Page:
When I was in speech therapy as a kid, we played Candyland as a reward for doing our pronunciation work. Fast forward to now, and I’m playing board games with my son as part of his speech therapy. Except we aren’t playing Candyland. We’re playing Animal Upon Animal, Qwixx, and Sum Swamp. And board games aren’t just a reward, they are actually part of his speech therapy!
My son’s speech therapist is a huge advocator of board games and oral motor games during speech therapy. Instead of just rote pronunciation, she finds what is behind not talking, not pronouncing. She builds the foundations from the ground up, instead of working on the symptom of speech delays or pronunciation issues. So, board games are a huge part of my son’s speech therapy. It’s part of sequencing, planning, and making logical choices. These all help with speech!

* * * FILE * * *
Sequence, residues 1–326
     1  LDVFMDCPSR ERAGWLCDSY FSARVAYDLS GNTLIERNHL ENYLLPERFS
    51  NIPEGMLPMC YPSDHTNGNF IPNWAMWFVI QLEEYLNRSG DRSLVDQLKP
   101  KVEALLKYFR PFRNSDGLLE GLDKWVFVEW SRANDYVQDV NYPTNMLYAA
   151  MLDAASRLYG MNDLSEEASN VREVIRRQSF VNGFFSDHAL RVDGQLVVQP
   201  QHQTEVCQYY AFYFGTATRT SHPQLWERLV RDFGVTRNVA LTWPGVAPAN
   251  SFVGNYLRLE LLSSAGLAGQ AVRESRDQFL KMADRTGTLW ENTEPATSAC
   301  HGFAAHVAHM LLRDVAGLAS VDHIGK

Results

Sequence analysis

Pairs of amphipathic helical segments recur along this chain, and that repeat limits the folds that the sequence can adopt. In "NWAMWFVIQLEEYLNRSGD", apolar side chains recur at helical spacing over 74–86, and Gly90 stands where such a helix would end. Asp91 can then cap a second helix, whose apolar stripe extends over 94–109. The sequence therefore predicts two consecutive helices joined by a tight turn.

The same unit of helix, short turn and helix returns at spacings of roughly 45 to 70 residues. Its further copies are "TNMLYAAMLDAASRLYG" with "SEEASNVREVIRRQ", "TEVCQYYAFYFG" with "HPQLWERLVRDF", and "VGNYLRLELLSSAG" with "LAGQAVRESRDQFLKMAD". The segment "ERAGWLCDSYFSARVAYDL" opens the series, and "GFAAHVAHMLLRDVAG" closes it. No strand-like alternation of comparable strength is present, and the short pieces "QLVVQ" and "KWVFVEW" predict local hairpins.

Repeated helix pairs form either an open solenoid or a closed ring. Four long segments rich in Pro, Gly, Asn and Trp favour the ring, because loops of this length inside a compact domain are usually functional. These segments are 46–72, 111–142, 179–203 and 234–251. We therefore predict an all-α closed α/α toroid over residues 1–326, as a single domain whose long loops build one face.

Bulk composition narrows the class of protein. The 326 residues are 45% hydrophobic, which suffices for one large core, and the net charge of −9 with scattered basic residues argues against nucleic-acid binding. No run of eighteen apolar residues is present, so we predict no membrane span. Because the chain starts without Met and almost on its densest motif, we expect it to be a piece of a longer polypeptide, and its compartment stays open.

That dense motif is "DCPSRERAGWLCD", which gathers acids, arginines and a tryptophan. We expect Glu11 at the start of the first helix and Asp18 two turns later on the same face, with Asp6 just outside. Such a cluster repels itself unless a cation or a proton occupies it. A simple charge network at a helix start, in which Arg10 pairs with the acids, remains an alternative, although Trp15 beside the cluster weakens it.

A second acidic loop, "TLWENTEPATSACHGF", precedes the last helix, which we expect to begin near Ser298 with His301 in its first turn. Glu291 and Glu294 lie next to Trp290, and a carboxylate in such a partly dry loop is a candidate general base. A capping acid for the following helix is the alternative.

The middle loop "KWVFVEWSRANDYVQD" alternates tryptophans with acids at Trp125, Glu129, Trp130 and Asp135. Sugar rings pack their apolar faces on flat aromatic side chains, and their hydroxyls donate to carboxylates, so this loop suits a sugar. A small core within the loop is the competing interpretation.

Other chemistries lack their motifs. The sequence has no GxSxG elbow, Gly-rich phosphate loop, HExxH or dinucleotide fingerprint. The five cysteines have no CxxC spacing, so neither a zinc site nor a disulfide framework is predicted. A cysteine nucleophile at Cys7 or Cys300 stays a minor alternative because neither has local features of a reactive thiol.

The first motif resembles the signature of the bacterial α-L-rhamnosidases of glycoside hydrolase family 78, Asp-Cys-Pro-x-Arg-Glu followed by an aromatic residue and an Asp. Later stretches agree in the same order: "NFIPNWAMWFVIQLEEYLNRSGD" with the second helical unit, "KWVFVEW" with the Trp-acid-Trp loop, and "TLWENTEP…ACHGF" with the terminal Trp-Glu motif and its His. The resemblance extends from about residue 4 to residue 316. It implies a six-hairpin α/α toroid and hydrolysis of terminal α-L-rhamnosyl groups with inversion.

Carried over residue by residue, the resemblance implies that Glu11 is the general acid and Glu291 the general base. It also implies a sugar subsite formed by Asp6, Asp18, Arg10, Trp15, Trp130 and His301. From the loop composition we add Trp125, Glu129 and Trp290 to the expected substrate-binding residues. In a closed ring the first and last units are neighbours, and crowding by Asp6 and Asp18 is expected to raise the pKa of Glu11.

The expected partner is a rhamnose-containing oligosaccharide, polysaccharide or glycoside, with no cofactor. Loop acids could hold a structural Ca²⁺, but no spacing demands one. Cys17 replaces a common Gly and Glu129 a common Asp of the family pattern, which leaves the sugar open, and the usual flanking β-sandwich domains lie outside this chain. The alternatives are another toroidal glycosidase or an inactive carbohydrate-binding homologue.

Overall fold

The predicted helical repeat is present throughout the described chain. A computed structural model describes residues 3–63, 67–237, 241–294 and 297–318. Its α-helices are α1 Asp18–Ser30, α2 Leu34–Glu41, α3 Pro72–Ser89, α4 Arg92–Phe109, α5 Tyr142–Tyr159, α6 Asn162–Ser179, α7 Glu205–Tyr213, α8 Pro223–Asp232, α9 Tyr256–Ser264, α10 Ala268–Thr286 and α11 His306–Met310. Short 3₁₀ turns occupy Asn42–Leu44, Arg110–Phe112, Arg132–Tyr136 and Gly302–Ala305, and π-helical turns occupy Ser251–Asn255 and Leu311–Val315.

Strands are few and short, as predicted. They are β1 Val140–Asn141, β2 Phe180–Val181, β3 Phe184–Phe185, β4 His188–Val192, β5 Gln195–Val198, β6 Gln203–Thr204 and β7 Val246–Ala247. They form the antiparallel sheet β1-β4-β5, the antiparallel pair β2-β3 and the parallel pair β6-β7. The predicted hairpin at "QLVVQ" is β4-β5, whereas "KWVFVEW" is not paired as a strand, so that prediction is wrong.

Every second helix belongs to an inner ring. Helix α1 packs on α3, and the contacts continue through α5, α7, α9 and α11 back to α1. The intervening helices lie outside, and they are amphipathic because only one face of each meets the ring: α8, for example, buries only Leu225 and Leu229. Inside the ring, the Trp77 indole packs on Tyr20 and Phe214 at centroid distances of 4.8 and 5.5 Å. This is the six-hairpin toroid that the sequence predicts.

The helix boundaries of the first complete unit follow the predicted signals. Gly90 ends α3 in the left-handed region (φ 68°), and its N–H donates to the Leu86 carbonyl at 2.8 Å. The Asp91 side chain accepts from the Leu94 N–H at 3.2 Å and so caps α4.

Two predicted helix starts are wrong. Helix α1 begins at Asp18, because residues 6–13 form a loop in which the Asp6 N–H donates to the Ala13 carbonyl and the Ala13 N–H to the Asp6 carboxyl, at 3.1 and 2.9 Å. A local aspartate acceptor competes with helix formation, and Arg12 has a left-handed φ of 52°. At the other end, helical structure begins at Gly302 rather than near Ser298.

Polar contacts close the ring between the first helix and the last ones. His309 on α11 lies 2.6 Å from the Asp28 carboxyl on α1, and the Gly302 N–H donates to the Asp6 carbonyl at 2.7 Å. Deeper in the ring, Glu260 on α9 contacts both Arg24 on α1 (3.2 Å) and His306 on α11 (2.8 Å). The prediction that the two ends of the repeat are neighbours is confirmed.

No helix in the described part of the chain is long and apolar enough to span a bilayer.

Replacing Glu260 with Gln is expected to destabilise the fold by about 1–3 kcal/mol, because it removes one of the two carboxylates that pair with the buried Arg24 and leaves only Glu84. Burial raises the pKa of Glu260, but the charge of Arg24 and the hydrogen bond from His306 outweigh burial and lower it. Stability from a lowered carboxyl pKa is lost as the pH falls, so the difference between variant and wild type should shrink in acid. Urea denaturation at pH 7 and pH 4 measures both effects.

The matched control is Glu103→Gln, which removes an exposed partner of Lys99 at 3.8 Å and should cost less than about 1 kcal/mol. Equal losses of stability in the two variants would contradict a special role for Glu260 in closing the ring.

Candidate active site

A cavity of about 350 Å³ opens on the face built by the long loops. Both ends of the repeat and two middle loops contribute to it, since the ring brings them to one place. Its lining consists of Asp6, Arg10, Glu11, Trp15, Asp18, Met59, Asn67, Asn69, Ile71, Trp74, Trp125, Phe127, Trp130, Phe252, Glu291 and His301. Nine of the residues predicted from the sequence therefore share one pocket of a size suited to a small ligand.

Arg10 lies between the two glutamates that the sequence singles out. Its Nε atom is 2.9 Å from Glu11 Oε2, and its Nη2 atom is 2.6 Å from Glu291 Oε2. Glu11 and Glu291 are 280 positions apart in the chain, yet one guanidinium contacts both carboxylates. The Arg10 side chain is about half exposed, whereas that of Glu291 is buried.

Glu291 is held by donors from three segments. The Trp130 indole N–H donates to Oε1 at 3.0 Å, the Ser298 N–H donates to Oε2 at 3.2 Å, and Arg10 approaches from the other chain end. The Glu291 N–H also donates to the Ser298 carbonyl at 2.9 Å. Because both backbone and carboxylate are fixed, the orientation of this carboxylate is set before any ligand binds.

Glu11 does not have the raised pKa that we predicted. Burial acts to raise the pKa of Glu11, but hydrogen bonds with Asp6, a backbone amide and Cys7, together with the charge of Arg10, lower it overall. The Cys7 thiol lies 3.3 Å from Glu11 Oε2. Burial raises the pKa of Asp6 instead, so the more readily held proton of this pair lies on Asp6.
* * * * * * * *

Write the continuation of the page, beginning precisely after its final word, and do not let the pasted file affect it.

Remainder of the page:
So, we play Animal Upon Animal, talking through each turn, then do oral motor exercises in between. Think tongue pops, la-la-la’s, and putting cheerios on the tip of our tongue. It’s so fun, and my son responds really well to it. And we get to play board games daily as part of his speech therapy! How cool is that?
Another thing I love is that his speech therapist is very open to trying new games. I got her hooked on Codenames, and recently she bought No Thank You Evil to try with her students. Board games are more than just entertainment for us, they are a means to get my son talking and talking well.
What’s exciting is my son’s speech delay is gone. He’s talking at the right level for kids his age, now what’s left is to work on his tongue and lip strength so he can get those pesky L’s, F’s, and V’s. Well off to do more oral motor games with my son while we play Space Planets!